WILMINGTON, NC (WWAY) — Things got heated at a Wilmington City Council meeting Tuesday night surrounding a proposed art installation.
The discussion over whether a Black Lives Matter mural or monument belongs in Wilmington has been going on for several months. The vote was postponed on July 21 after some council members brought up concerns about the installation being perceived as associated with the Black Lives Matter organization.
The newest draft, presented Tuesday night, changed the proposed monument from saying ‘Black Lives Matter’ to ‘Black Lives Do Matter’ with an ending block that reads ‘End Racism Now.’ The 4-foot wide by 8-foot tall cut out letters would be placed at Jervay Park, and be visible from 3rd Street.
Some were not happy with the altered design. Black Lives Matter of Wilmington organizer Sonya Patrick spoke out during the meeting.
“If black lives do matter, the descendants of the 1898 massacre would see reparations,” Patrick said. “It should say black lives matter, there were 5,000 people that signed a petition.”
Councilman Kevin Spears agreed, saying the words are not those of an organization, but of Wilmington citizens.
“These are the words of black and white and brown citizens exactly where we live, they’re asking for this to be done,” Spears said. “And at this point because we’ve added the word ‘do,’ some people are willing to walk away from it.”
Spears was still ultimately supportive of the new version of the art installation, as was councilman Kevin O’Grady.
“I like the fact that it’s slightly different than what was proposed because it says this is our words, that black lives do matter, we want to end racism,” O’Grady said. “And that’s what that sign says to me.”
Part of the resolution was making ‘Black Lives Do Matter, End Racism Now’ official city speech. This in theory would prevent the city from being legally obligated to install other monuments. Councilman Charlie Rivenbark did not agree with this.
“What would be opposed to having blue lives matter or any other kind of thing, make america great again?” Rivenbark asked. “You’re denying a great deal of our citizenry the right to come petition this council to put up something and we can just arbitrarily say we don’t like that, because of this reasoning that we have come up with in this resolution.”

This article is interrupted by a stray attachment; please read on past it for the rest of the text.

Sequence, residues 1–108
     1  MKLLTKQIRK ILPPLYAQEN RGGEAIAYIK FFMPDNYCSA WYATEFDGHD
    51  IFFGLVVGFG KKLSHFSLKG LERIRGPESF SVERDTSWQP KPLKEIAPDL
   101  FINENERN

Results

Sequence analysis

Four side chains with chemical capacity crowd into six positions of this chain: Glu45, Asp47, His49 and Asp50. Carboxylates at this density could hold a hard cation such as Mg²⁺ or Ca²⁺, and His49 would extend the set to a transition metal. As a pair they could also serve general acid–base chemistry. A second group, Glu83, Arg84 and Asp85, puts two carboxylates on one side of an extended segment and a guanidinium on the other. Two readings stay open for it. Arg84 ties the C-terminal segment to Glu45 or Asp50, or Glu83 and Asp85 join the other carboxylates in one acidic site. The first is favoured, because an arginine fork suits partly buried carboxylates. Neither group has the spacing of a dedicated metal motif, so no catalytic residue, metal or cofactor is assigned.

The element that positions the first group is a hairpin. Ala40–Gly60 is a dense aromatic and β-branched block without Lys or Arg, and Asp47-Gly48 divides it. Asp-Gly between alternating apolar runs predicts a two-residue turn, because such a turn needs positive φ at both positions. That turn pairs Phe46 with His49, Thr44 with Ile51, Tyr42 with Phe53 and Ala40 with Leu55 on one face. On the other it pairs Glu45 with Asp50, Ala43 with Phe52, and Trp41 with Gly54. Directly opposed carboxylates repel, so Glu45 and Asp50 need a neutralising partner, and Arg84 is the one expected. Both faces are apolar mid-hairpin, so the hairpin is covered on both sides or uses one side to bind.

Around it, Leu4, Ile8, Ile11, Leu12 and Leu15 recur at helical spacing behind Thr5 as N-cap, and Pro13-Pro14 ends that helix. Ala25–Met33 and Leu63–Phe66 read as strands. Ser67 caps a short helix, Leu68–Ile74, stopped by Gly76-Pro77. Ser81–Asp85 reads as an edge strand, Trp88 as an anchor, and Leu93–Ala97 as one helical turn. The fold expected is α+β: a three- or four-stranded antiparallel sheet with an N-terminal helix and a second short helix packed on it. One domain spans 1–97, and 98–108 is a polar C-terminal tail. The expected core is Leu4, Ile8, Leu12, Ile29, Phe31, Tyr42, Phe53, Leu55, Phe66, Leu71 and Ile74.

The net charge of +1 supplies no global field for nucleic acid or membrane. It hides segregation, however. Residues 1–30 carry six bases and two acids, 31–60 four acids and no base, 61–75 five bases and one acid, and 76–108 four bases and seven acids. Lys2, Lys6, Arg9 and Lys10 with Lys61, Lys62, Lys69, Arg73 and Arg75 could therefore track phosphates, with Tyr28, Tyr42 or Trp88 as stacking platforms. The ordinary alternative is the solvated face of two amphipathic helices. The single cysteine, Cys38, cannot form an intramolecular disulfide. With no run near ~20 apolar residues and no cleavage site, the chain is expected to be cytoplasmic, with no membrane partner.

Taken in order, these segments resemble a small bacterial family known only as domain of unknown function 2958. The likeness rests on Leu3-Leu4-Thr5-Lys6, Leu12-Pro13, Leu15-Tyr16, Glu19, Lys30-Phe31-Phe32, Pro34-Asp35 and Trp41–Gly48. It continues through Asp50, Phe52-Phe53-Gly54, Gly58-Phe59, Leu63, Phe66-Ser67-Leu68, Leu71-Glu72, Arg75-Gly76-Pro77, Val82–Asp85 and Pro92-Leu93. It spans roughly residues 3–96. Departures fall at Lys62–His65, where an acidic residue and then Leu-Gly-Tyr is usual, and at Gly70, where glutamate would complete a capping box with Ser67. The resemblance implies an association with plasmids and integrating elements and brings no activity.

Rivenbark went on to say that he doesn’t agree with the art installation.
“To think that black lives don’t matter is folly, I mean it’s ludicrous,” he said. “And it makes me think that they don’t think that much of themselves if they’ve got to have a sign out there.”
Councilman Kevin Spears, who has been vocal in his support of the monument, responded.
“For him to say that if these people thought that much of themselves they wouldn’t need a sign, well I know my worth sir,” Spears said. “I’m not sure that you actually do.”
The art installation ended up passing 5-2. Mayor Bill Saffo, Mayor Pro-tem Margaret Haynes, and councilmembers Kevin Spears, Kevin O’Grady, and Clifford Barnett voted in support of it. Councilmembers Charlie Rivenbark and Neil Anderson voted against it.
It is not yet clear when the monument will be installed.
Council also voted in favor of creating a public forum for artistic and cultural expression.
Also at Tuesday’s meeting, item C2. was removed from the consent agenda and postponed until the next council meeting. All other items on the agenda passed.
Click here to view the full council agenda.